Dr. Dog is as delightful as a real dog.
Shame, Shame, released earlier this year, has already gotten a lot of buzz, as it should because it’s great. At first listen, it feels like you’re at a dark bar with wooden floors (do any bars have carpeted floors?) in off-the-beaten-path Arizona that you just went into because you really needed to pee, and then you stay for five drinks because the house band just happened to completely kick ass. And if I were you, I would totally keep coming back so I could be that girl who’s dancing alone up by the stage, singing along with every song. Come on, you know that girl, and even though many of you totally hate her, some part of you loves her too.
Dr. Dog plays with the confidence and sound of a band of 30-year musical veterans as opposed to the relatively new-on-the-hot-scene group that they are.
This set of songs feels a little less produced, and I mean that in the least connotative way possible — don’t think positively, don’t think negatively, I’m just saying. It’s a little more down-home-in-my-garage sounding. This is especially interesting because this album was actually produced and recorded in an official, not-at-home studio with an outside engineer. So take that for what it’s worth.
Seriously, I love bands that let every member sing. It’s so clear that everyone in the group is contributing on every level, and it leaves you with a complete sound full of more instrumental sounds than people, really well developed harmonies, and a spirited listening vibe … if they’re all on board, shouldn’t you be too? At times (“Station” especially) it’s heavy on the country twang (do I hear slide guitar?), which isn’t generally my favorite sound, but it’s cool here. And even the darker songs (“Jackie Wants a Black Eye”) seem a little less dark because of those tight harmonies and that smooth, loping melody. It’s almost more of an accomplishment that the album feels like it lazes along, because it’s so clearly full of so many parts coming together — it’s complicatedly uncomplicated.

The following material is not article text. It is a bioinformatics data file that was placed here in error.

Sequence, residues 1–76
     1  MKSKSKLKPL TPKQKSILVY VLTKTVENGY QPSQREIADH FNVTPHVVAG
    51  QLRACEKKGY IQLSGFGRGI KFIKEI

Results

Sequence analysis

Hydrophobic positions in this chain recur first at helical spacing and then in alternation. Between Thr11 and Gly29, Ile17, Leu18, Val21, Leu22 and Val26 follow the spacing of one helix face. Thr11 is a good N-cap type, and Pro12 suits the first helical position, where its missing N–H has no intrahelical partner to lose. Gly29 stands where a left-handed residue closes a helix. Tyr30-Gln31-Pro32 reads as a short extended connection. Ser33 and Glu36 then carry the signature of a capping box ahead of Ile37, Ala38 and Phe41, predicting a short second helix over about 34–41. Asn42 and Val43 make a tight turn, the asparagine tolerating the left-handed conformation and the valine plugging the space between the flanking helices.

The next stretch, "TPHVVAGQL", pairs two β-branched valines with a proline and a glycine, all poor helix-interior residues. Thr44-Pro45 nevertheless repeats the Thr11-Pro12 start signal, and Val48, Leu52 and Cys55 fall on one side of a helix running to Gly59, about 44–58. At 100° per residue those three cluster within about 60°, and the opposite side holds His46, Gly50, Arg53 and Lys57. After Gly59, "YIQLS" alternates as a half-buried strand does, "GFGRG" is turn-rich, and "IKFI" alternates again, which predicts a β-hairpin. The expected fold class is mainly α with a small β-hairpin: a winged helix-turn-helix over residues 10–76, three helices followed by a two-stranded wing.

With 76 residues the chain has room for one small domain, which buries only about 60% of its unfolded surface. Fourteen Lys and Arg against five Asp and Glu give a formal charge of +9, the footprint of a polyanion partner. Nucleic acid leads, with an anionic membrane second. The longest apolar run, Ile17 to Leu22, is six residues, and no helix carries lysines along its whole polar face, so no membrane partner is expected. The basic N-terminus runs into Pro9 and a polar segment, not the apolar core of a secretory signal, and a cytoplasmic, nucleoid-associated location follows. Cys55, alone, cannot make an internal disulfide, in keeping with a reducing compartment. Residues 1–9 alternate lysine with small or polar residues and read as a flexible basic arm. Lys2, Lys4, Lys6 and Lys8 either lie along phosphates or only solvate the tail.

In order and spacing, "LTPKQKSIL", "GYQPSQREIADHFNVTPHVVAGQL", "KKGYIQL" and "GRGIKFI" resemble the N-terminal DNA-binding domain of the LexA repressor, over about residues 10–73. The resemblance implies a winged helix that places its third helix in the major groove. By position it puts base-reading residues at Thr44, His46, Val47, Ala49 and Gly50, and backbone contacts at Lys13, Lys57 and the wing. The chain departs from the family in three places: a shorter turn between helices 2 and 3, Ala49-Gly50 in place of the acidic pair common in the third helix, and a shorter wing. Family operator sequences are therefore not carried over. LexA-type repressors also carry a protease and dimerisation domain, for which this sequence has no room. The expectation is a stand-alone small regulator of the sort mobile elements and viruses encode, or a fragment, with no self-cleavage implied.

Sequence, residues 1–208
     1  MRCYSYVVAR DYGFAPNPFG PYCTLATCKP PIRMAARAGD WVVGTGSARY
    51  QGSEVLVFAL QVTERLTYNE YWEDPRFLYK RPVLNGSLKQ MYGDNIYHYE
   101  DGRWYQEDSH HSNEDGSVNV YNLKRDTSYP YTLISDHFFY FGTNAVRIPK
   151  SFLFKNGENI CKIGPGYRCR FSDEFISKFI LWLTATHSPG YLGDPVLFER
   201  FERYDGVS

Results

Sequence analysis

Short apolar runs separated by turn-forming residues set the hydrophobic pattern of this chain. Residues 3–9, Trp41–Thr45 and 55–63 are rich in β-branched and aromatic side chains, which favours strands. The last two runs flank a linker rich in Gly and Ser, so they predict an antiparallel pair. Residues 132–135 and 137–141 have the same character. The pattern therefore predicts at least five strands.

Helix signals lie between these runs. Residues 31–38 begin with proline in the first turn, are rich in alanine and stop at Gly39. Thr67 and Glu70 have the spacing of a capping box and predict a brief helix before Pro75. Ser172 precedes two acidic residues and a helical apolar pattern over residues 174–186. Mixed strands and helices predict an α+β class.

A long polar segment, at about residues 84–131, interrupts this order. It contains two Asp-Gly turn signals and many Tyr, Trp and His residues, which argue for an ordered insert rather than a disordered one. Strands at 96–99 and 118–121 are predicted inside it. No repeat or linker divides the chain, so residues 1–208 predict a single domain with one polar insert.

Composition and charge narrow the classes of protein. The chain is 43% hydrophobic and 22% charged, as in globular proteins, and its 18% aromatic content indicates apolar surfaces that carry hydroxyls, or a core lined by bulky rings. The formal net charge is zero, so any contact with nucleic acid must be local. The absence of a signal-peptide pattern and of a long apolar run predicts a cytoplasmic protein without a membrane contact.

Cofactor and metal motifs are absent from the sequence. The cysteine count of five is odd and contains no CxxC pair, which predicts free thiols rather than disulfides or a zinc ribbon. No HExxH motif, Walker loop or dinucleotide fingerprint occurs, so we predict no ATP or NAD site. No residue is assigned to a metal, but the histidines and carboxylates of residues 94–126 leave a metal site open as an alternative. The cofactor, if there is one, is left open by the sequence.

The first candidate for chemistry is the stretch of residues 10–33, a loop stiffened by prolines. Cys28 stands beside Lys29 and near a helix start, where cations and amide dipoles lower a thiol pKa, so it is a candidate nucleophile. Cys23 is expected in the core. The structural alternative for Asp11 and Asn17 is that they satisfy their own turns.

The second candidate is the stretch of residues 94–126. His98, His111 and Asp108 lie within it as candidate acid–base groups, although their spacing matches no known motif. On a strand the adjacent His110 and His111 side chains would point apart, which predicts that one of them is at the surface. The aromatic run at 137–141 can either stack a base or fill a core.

Hold on, did Three Dog Night just get back together? “Mirror, Mirror” is almost creepily reminiscent of their sound and harmonies on the chorus. And don’t think I didn’t find it weird that they both are “Dog” bands. Maybe it’s the same dog. I don’t know. No one knows.
Another great thing about these guys is that they love to give away their music for free. Just check out their Facebook page—they have new, unreleased stuff posted there that you can just have. Don’t even feel bad about it. [Or you can get it HERE — ATF posted this a while back.]
All in all (do I end everything I write with “All in all,” or what?), this album will make you hop onto iTunes and find their other work, then wonder how you missed them for so many years. It’s a feel-good, sing-along bunch of songs that will be perfect for when you have your coolest friends over for cocktails. Or take-out if you’re not into cocktails. No judgment here.
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